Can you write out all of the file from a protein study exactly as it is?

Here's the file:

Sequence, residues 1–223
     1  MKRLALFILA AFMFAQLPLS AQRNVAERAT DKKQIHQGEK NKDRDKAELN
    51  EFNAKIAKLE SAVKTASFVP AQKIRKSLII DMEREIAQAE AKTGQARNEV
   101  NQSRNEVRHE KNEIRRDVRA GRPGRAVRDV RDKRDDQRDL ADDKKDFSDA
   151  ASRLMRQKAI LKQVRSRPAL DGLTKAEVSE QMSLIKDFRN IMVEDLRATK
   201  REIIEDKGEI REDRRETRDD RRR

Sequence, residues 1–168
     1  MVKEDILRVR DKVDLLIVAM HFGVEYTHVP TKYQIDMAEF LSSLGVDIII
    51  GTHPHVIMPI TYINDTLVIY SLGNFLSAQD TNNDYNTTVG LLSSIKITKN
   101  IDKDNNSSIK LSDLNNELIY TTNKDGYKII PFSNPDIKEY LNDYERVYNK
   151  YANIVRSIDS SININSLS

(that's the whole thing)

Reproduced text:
Sequence, residues 1–223
     1  MKRLALFILA AFMFAQLPLS AQRNVAERAT DKKQIHQGEK NKDRDKAELN
    51  EFNAKIAKLE SAVKTASFVP AQKIRKSLII DMEREIAQAE AKTGQARNEV
   101  NQSRNEVRHE KNEIRRDVRA GRPGRAVRDV RDKRDDQRDL ADDKKDFSDA
   151  ASRLMRQKAI LKQVRSRPAL DGLTKAEVSE QMSLIKDFRN IMVEDLRATK
   201  REIIEDKGEI REDRRETRDD RRR

Sequence, residues 1–168
     1  MVKEDILRVR DKVDLLIVAM HFGVEYTHVP TKYQIDMAEF LSSLGVDIII
    51  GTHPHVIMPI TYINDTLVIY SLGNFLSAQD TNNDYNTTVG LLSSIKITKN
   101  IDKDNNSSIK LSDLNNELIY TTNKDGYKII PFSNPDIKEY LNDYERVYNK
   151  YANIVRSIDS SININSLS